Or: Since a Surety bond is vastly different from an Insurance policy, so is the relationship that produces such.
Diving deeper into the Three Cs of surety from our last post, let’s look at the Character component, specifically the Principal’s relationship with the surety and surety underwriter. This is an extremely important part of the underwriting process and often not given the attention it deserves. This can be one of the best ways to display your character, and one of the easiest.
Why are these relationships important? Surety bonds are largely underwritten on character, and the reason relationships are so important to underwriting is because of the generally hazardous nature of business and specifically construction. Not only is the surety looking to have a relationship with the contractor and surety bond producer, but the surety is interested in the contractor’s relationships with their subcontractors, suppliers, general contractors, and owners. It is common practice for the surety to call prior jobs and suppliers for references. We all know that every job has challenges and obstacles, and the surety is looking for how the contractor handles difficult situations, to make sure the project is completed on time and to the satisfaction of the owner or general contractor.
How to develop a beneficial relationship? For surety companies and underwriters, they want to meet with and have conversations with the principal, and further understand the account submission that was made. Meetings are best (even virtual meetings). As relationships are a two-way street, a meeting not only gives the surety some insight and confidence, but also gives the principal and surety bond producer some confidence as well. Continued, regular communication between the parties, both positive and negative, is important. The surety wants to hear all your success stories as well as how you handled difficult situations. This communication is key. When something goes well, share with the surety; if there is a problem on a job or with business in general, tell the surety right way. The surety and the principal are a team. When the contractor succeeds, so does the surety. If the surety comes to find that the principal needs extra support in a project, the surety has resources for the principal, but the surety needs to be informed. Again, open communication is key.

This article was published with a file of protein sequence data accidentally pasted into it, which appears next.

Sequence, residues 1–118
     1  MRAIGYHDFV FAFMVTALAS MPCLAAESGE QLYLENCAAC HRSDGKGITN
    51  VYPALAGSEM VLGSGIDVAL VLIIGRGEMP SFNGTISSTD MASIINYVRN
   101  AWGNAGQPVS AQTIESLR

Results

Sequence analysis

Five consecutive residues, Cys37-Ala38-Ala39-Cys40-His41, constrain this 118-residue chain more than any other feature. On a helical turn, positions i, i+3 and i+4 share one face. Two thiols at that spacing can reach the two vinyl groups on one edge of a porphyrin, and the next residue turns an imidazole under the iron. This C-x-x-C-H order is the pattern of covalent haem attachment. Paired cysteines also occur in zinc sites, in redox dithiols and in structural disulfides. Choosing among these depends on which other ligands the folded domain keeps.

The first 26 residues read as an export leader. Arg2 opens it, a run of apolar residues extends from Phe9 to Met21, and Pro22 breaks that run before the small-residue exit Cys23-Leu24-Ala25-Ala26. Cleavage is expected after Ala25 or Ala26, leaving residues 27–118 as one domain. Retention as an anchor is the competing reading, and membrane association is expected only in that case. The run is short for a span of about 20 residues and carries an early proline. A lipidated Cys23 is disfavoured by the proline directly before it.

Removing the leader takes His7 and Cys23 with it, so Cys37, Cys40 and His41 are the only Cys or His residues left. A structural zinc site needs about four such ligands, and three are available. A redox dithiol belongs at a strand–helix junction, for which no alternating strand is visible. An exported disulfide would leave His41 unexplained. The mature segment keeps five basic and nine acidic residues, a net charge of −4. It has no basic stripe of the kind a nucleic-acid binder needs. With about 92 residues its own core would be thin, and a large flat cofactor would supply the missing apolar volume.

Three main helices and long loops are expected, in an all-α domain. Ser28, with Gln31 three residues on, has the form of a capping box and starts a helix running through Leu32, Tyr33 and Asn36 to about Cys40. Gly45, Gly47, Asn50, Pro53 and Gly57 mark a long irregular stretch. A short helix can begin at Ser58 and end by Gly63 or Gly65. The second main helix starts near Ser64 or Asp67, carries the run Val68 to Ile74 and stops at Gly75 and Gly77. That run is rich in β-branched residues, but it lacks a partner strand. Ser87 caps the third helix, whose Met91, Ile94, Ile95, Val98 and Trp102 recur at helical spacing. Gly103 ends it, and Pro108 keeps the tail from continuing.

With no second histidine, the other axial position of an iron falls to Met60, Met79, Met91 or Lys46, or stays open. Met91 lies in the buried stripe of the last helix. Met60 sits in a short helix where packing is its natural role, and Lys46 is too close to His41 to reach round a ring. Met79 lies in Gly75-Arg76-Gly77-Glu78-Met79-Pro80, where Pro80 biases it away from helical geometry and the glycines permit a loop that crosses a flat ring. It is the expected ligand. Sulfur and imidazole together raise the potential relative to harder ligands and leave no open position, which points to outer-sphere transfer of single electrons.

Who, where and when should principals meet with the surety underwriter? Meetings with the surety are usually reserved for larger, well established principal companies looking for surety programs in the $1,000,000 and up range. These meetings should include all the decision makers and owners of the principal company, as well as the underwriters from the surety, the surety bond producer and sometimes the principal’s banker. Often the surety will want to meet with the principal at their office (or virtually) at the beginning of the relationship. This helps set the stage for the initial surety program. After the initial meeting, the surety likes to meet with the principal at least a few times at a job site if practical. The surety company will typically want to meet at least once a year, after the Principal’s fiscal year-end financial statement has been finalized.
Also see: Building a Solid Surety Relationship
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